Amongst those critics was Bob Iger, Disney’s current CEO, who was not leading the corporate when he tweeted in February 2022 that the bill “will put vulnerable, young LGBTQ people in jeopardy.” Disney’s then-CEO Bob Chapek got here out against the bill lower than two weeks later and announced donations to pro-LGBTQ rights organizations. After the bill was signed, Disney vowed to assist repeal the law.
DeSantis and his allies soon after targeted Disney’s special tax district, an arrangement that because the Sixties has allowed the corporate to effectively self-govern its Orlando-area parks. In April 2022, DeSantis signed a bill to dissolve the governing body, formerly often known as the Reedy Creek Improvement District.
The move set off fears that the neighboring counties could be on the hook for the district’s expenses and debts. In February, the Florida legislature convened a special session and produced a bill that kept the district intact, but modified its name — and let DeSantis handpick its five-member board of supervisors.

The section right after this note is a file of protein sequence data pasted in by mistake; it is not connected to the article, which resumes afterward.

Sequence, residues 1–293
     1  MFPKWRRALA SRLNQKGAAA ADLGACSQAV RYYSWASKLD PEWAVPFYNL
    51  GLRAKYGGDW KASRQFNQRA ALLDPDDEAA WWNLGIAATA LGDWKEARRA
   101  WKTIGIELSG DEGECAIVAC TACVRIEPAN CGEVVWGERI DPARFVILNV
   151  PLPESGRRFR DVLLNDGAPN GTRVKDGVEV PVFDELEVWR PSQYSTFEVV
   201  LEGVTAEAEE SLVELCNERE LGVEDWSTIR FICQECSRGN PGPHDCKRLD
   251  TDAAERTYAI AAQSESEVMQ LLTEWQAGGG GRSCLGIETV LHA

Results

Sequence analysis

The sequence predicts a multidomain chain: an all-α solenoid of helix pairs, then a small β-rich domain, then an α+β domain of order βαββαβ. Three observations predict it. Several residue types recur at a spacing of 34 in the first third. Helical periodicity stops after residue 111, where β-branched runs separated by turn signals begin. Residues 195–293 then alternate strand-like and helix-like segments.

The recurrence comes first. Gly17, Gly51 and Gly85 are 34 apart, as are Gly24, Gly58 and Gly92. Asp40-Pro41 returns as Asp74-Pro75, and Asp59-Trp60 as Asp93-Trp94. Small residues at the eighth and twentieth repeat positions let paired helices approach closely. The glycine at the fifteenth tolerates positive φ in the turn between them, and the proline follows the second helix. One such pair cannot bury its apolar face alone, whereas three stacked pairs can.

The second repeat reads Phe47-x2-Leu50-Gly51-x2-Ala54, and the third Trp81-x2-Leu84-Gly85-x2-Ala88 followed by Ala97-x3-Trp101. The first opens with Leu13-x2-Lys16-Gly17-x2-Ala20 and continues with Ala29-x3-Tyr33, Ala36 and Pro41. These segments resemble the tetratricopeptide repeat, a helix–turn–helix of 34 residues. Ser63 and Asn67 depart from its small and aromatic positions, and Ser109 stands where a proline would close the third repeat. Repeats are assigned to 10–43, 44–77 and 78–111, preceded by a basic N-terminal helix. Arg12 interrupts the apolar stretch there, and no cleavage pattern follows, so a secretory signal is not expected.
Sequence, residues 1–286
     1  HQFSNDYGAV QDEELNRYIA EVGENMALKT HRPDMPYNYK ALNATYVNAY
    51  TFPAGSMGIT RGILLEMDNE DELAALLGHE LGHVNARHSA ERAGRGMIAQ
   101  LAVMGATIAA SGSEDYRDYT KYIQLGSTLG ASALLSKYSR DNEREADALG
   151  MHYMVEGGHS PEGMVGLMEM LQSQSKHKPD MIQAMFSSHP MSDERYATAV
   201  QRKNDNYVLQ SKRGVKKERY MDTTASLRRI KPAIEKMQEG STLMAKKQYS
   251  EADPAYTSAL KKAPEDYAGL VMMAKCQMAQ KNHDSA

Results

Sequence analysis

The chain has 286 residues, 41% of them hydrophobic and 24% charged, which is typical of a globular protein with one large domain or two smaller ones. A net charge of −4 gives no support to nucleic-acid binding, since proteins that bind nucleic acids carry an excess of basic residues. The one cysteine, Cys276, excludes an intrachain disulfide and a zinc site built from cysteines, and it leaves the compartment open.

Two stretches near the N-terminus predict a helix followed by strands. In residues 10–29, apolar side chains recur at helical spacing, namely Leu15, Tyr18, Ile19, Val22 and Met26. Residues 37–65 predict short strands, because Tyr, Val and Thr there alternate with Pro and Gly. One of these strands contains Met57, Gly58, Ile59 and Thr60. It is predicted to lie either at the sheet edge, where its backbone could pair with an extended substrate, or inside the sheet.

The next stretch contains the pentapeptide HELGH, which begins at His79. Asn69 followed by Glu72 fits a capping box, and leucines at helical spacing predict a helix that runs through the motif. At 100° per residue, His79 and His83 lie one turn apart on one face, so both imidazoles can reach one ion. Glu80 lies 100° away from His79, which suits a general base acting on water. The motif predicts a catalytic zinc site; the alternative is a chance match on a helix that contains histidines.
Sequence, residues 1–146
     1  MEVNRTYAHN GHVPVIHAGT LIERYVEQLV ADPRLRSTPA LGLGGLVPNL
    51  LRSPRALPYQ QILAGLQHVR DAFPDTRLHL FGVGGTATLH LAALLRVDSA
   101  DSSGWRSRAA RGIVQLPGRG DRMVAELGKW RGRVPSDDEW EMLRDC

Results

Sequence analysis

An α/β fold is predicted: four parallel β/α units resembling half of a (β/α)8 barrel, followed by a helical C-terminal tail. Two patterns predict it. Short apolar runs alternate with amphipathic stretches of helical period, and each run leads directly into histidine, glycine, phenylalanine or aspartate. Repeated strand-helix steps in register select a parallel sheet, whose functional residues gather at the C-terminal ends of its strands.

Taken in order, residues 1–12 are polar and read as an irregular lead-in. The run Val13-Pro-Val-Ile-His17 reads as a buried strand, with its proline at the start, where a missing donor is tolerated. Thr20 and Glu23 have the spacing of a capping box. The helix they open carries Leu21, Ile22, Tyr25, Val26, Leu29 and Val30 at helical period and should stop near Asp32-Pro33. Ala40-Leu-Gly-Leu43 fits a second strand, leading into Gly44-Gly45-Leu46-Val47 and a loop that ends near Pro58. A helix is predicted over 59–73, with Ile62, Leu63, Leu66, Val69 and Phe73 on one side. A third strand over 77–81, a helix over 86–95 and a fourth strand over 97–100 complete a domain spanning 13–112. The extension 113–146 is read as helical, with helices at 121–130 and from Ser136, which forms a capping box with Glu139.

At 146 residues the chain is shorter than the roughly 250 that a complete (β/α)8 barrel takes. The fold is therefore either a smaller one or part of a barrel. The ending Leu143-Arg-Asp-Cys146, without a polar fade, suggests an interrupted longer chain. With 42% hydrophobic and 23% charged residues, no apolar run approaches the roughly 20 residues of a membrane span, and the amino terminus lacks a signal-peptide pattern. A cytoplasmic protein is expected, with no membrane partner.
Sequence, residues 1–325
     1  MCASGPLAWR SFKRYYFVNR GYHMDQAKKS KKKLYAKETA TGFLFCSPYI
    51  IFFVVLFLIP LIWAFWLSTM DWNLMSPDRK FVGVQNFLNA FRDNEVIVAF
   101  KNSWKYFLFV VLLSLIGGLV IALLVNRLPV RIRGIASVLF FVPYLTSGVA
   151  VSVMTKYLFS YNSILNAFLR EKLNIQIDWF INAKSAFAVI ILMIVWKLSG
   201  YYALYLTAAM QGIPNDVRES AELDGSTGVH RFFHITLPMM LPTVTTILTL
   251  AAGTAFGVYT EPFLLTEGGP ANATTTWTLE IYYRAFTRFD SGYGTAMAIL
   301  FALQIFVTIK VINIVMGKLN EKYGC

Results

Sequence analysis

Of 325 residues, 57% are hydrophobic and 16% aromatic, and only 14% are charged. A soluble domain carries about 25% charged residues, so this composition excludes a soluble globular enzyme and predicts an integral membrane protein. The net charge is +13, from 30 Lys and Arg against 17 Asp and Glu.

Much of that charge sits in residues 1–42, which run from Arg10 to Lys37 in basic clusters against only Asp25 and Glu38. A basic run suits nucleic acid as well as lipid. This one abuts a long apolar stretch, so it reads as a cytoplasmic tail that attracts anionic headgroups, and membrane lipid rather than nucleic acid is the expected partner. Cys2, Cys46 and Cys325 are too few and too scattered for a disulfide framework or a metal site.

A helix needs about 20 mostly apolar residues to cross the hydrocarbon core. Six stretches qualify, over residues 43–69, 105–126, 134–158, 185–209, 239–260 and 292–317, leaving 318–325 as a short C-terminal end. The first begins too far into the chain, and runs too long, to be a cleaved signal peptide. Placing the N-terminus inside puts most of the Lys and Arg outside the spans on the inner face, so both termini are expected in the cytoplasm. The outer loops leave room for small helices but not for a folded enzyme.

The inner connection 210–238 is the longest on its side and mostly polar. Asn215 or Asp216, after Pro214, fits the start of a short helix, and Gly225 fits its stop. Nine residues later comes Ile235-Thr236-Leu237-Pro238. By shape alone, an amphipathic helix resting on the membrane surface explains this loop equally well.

The following month, the governor’s board members accused Disney of sneaking through Eleventh-hour development deals to thwart their power over the district. Disney says it followed the proper process in crafting those deals, and that it sought them with a purpose to protect its investments in Florida amid the politically uncertain landscape.
The board voted to nullify those development contracts. Iger, who returned as Disney’s CEO in November, noted in a recent earnings call that other Florida corporations also operate inside special districts.
Disney sued Florida, accusing DeSantis of orchestrating a “targeted campaign of presidency retaliation” that now threatens the corporate’s business. The law was “designed to focus on Disney and Disney alone,” the corporate said in its federal civil suit. The board has countersued in state court.
The fight shows no signs of stopping, and returns to the highlight with each recent business update from Disney, resembling the corporate’s recent announcement scrapping plans to construct an worker campus in Florida.
The ESG and Disney fights “reflect ways for DeSantis to appeal to that populist base while at the identical time keeping the final thrust of Florida policy very business friendly,” Primo, the political science professor, told CNBC.
He’s “banking on having the ability to do each,” Primo said.